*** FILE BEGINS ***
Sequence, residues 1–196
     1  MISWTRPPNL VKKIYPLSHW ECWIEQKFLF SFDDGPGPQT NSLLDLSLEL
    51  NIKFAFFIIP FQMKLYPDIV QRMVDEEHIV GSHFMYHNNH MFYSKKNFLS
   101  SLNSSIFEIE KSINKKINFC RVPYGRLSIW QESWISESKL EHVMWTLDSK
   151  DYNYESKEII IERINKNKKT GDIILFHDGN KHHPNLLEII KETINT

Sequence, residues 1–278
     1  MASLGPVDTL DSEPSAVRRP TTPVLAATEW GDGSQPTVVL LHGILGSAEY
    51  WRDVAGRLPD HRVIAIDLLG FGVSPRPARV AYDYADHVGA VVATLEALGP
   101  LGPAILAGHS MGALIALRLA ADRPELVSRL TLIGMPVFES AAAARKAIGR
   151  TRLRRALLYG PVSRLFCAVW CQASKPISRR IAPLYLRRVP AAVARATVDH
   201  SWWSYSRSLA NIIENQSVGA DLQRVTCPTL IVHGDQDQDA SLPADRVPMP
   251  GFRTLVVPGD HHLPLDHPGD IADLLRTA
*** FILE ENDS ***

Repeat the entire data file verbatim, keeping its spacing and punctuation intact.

Sequence, residues 1–196
     1  MISWTRPPNL VKKIYPLSHW ECWIEQKFLF SFDDGPGPQT NSLLDLSLEL
    51  NIKFAFFIIP FQMKLYPDIV QRMVDEEHIV GSHFMYHNNH MFYSKKNFLS
   101  SLNSSIFEIE KSINKKINFC RVPYGRLSIW QESWISESKL EHVMWTLDSK
   151  DYNYESKEII IERINKNKKT GDIILFHDGN KHHPNLLEII KETINT

Sequence, residues 1–278
     1  MASLGPVDTL DSEPSAVRRP TTPVLAATEW GDGSQPTVVL LHGILGSAEY
    51  WRDVAGRLPD HRVIAIDLLG FGVSPRPARV AYDYADHVGA VVATLEALGP
   101  LGPAILAGHS MGALIALRLA ADRPELVSRL TLIGMPVFES AAAARKAIGR
   151  TRLRRALLYG PVSRLFCAVW CQASKPISRR IAPLYLRRVP AAVARATVDH
   201  SWWSYSRSLA NIIENQSVGA DLQRVTCPTL IVHGDQDQDA SLPADRVPMP
   251  GFRTLVVPGD HHLPLDHPGD IADLLRTA